Company owners feel that young people are not ready for the workplace upon leaving the education system, finds research.
Some 88 per cent believe school leavers are unprepared for the world of work, in comparison to 54 per cent of companies that think graduates are not ready for the workplace, according to a British Chambers of Commerce (BCC) survey.
More than half (57 per cent) say that young people are lacking basic ‘soft’ skills, such as communication and team working, to succeed in the working world, reveals the study of almost 3,000 companies.
More than three quarters of firms (76 per cent) believe a lack of work experience is the reason young people are unprepared for work.
However, more than half of respondents (52 per cent) say they don’t offer work experience placements themselves.
Reasons for this include cost and time (25 per cent), too much school admin (23 per cent) and a lack of information (22 per cent).
Almost half of businesses (46 per cent) say there is a lack of careers advice available for young people.
Due to fears around the work readiness of young people, more than a quarter of firms (27 per cent) say they have not recruited a young person (aged between 16 and 24) in the last year.
To better prepare young people for work, the BCC has recommended the introduction of experience of work in all secondary schools, through links with Accredited Chambers of Commerce, to help ensure a smooth transition from the education system to the world of work.
Also, the organisation advocates allowing all university students to choose business and enterprise modules as part of their degree programmes, to encourage and train potential entrepreneurs and business people from a more diverse range of academic backgrounds.
BCC director general John Longworth says that many businesses are worried that in today’s burgeoning economic recovery, hiring a young person is a risky move due to their lack of experience, and the investment of time and resource needed to train them.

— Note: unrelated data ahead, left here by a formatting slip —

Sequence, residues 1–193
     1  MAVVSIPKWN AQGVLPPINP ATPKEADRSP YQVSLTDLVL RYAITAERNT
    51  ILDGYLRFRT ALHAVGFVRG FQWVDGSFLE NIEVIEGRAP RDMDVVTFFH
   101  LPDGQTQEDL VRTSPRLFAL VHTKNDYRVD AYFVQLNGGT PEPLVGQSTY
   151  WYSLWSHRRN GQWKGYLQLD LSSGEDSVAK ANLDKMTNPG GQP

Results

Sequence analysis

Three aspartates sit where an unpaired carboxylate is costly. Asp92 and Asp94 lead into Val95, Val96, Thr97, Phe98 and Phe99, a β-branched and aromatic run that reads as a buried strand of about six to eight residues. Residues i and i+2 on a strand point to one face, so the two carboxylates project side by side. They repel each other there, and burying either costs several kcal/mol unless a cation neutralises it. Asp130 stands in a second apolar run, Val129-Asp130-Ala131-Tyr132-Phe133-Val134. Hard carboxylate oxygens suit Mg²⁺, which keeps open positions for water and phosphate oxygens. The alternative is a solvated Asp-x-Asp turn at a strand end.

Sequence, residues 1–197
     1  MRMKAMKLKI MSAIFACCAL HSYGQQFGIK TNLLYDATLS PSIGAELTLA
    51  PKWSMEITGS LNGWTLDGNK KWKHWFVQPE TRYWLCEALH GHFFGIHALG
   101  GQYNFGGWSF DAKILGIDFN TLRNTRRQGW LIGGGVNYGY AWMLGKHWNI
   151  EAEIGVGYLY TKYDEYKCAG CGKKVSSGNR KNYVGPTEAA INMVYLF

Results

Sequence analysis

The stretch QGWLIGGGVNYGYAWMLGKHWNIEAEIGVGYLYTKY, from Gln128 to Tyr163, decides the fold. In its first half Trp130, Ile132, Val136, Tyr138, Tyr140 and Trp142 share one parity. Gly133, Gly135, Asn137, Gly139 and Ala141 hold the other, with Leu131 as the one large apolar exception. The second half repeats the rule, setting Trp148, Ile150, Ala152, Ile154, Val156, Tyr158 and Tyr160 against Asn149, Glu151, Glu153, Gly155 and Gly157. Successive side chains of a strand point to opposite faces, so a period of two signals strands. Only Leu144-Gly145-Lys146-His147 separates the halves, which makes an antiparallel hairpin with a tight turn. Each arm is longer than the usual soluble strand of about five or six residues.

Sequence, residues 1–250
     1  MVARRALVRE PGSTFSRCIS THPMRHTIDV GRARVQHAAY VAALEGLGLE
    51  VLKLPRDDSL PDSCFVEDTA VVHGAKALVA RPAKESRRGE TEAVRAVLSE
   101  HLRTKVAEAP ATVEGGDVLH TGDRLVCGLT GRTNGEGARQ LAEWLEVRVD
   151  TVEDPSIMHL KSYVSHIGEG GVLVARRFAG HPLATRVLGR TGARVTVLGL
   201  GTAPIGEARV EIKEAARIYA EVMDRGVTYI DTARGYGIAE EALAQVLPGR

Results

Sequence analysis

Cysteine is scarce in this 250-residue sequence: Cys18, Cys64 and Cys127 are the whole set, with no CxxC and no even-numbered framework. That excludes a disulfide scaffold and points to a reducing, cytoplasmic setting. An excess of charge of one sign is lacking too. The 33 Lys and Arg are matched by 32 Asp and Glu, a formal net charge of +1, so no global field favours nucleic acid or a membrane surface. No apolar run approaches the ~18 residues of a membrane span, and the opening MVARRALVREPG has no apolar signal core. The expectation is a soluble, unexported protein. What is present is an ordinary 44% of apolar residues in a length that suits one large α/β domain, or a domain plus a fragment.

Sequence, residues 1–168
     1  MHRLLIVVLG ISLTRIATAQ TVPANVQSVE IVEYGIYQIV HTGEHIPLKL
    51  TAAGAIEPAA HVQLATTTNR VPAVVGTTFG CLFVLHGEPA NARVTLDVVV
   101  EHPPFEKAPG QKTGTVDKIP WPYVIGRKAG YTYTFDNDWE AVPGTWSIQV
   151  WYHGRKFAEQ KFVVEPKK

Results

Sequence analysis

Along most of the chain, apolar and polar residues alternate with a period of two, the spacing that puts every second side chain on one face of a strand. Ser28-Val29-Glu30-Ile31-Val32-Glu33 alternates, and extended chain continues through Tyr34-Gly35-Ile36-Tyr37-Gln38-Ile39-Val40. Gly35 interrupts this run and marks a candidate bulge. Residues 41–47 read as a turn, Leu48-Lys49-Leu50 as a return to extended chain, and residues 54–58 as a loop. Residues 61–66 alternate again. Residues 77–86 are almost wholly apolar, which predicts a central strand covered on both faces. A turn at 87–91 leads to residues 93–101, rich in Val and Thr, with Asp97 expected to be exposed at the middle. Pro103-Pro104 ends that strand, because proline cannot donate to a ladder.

‘Business people tend to favour more skilled and experienced applicants – and while they do sympathise, their primary function is to run a business, which means making business decisions.
‘Firms need young people that are resilient, good communicators and understand how to work as part of a team.’
Longworth adds that government and educational institutions must be more focused on equipping young people for the workplace, and in turn businesses must be more willing to give them a chance.
‘In practice, this means introducing business governance into schools, proper careers advice with direct links to business, and measuring the success of schools and universities based on the employment outcomes of pupils,’ he says.
‘It is vital that we proactively build a pipeline of young talent who will go on to become the next generation of business leaders and entrepreneurs, as failure to do so could damage the UK’s future growth prospects and risk a lost generation of young people.’
Further reading on education and business